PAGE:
By Nabilah Mohammad
Raising a child is no easy feat. We often hear about the sacrifices a parent makes and the time and energy it takes to care for a child. A single mother’s responsibilities are no different, except that she is on her own. She has to be both a mother and father to her children, a disciplinarian as well as someone from whom her children can seek comfort and safety. The challenges become even more complicated when the single mother is one who has had a child out of wedlock. On top of parenting solo, she has the added pressure of fielding uncomfortable questions from disapproving family members or prying friends. Indeed, unwed motherhood comes with a unique set of socio-emotional challenges that can, at times, be overwhelming. This article aims to highlight their stories and perhaps help us gain a better understanding of this invisible group in the community.
UNWED MOTHERS IN THE MALAY/ MUSLIM COMMUNITY
The plight of unwed mothers is something we often hear about, even within the Malay/Muslim community. Most of us probably know of one such mother who has to face the daily challenges alone. However, their stories are largely left untold because they are often perceived to be an embarrassment to the family, and even the community. By and large, unwed motherhood is often looked upon as a violation of a cultural norm in our society.
The Karyawan team had the opportunity to sit down and discuss the life and challenges of four single Malay/Muslim mothers with children born out of wedlock.
We spoke to Shida (not her real name) who found out she was pregnant at the age of 20. Growing up, Shida shared that she had a rough upbringing – she went through neglect and poverty as a child – and often get into a lot of trouble.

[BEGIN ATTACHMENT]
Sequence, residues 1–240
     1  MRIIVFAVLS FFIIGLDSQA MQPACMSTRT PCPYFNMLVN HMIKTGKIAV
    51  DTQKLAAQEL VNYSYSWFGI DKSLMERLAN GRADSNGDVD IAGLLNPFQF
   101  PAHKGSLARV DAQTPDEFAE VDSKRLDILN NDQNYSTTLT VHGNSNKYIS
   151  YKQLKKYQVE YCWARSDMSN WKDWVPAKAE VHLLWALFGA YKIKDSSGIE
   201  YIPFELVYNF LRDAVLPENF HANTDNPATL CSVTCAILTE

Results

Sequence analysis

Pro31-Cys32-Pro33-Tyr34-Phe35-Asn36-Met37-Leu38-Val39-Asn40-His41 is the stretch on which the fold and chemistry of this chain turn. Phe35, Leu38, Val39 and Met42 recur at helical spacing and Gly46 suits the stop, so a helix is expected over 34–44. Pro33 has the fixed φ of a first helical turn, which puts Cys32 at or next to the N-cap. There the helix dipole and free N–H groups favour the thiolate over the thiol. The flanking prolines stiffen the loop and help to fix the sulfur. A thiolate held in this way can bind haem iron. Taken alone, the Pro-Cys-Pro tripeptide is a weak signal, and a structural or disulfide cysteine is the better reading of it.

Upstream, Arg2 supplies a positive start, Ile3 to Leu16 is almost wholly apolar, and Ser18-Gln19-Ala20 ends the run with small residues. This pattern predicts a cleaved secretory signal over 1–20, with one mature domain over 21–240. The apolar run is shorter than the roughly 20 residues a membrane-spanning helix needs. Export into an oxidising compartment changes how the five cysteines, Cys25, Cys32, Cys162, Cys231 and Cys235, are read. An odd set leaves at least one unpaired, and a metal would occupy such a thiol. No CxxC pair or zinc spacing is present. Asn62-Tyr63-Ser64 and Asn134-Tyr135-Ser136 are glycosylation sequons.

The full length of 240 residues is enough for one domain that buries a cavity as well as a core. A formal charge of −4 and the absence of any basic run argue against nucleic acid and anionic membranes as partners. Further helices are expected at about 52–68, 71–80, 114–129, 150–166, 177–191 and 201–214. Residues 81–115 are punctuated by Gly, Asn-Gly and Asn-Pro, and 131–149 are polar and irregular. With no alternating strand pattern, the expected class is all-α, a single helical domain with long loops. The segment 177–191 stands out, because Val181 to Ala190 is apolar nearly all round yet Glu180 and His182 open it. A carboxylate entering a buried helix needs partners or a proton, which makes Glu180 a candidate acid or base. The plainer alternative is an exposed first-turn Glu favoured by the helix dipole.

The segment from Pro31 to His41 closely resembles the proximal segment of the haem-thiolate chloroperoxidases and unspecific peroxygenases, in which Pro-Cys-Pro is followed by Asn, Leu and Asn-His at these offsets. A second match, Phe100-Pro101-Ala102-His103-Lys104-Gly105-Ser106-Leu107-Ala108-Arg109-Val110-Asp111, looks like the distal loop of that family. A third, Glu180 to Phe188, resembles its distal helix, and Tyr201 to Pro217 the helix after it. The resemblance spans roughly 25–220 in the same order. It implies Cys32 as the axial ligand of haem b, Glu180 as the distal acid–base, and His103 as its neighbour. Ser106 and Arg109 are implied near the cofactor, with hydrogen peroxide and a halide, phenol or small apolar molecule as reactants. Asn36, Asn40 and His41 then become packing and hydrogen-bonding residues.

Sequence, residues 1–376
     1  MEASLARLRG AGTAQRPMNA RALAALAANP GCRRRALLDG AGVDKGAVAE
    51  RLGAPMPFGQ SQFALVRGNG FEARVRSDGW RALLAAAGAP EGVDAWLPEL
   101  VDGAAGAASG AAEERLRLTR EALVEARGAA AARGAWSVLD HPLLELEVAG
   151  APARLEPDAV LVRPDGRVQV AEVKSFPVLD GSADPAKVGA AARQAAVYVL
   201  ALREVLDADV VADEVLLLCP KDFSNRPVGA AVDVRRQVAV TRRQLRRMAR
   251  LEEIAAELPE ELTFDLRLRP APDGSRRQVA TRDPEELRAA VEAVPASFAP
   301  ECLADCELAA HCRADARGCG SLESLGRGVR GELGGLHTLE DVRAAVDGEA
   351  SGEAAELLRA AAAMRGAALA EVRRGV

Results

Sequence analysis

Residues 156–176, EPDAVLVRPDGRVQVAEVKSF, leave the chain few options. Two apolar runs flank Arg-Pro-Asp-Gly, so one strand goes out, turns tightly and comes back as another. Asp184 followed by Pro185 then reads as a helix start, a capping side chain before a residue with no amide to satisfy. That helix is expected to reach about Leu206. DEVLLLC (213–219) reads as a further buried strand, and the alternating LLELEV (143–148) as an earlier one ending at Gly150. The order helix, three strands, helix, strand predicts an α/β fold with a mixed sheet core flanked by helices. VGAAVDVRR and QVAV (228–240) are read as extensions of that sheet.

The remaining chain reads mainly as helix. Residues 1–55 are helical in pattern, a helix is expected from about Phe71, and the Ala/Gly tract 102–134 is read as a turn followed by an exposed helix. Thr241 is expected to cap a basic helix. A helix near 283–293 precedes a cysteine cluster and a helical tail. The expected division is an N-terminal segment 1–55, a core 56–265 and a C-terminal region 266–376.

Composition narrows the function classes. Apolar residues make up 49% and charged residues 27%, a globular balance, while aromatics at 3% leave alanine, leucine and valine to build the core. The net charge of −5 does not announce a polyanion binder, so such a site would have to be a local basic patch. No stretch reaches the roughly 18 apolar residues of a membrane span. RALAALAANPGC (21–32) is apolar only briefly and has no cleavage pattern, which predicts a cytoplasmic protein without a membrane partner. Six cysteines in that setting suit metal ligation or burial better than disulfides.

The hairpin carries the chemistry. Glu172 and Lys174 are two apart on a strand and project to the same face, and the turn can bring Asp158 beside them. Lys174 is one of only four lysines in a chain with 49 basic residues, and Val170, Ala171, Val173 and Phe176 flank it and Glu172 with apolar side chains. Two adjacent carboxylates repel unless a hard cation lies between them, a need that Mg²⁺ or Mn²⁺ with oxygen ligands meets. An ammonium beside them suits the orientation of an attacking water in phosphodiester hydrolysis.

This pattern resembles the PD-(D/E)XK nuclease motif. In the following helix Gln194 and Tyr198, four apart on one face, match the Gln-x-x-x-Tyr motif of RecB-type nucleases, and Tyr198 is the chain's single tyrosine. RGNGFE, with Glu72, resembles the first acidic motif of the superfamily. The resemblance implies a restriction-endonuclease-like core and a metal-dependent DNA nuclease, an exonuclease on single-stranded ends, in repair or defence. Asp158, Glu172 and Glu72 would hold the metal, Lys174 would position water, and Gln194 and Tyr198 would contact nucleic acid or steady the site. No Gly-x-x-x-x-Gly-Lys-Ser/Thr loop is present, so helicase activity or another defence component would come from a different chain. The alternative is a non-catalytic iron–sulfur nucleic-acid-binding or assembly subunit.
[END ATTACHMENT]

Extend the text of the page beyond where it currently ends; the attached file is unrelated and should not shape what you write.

She shared that staying employed is difficult when you are raising a child on your own. She is currently staying in a rental flat and has been moving around a lot. She is often jobless and fell into depression following some bad episodes in her life. She recently fell into further depression when she lost custody of her son to her ex-husband who suddenly decided to file for child custody.
According to Shida and the other mothers we spoke to, the social taboo surrounding unwed mothers is often bolstered by the legal system. Such mothers may not enjoy the social welfare benefits such as housing subsidies, the Baby Bonus cash gift, tax reliefs and even inheritance.
“Raising a child alone is challenging enough as it is. It is unfortunate that there is no housing scheme easily available to unmarried mothers. We will have to wait until we turn 35 years of age before we can purchase a flat under the Singles Scheme. Policies should not deprive us of how we became single parents,” Shida said.
Children from single-parent families are also likely to be short-changed in terms of economic and time resources as there is no division of labour within the household. The parent’s decision to work is often heavily influenced by many factors including child are concerns, just like Riana (not her real name).
Riana, who is herself born out of wedlock, is now a mother of two. She is staying with her aged parents in a two-room rental flat which is not conducive to raise her two young boys in. The daily chaos of unreliable work hours and negligible pay often undermine her hope and sense of control.
“It is not that we are unwilling to show up and work hard. It’s very tough to stay employed. I sent both my boys to the childcare centre, which is quite a distance from home. In the past, there were many occasions when I had to take urgent leave to attend to them, and there were times these led to me losing my job. The kids are in school from 9.00am to 5.30pm so I have to narrow down my job search to one that fits their schooling hours and location so that I can rush to and from work,” Riana said.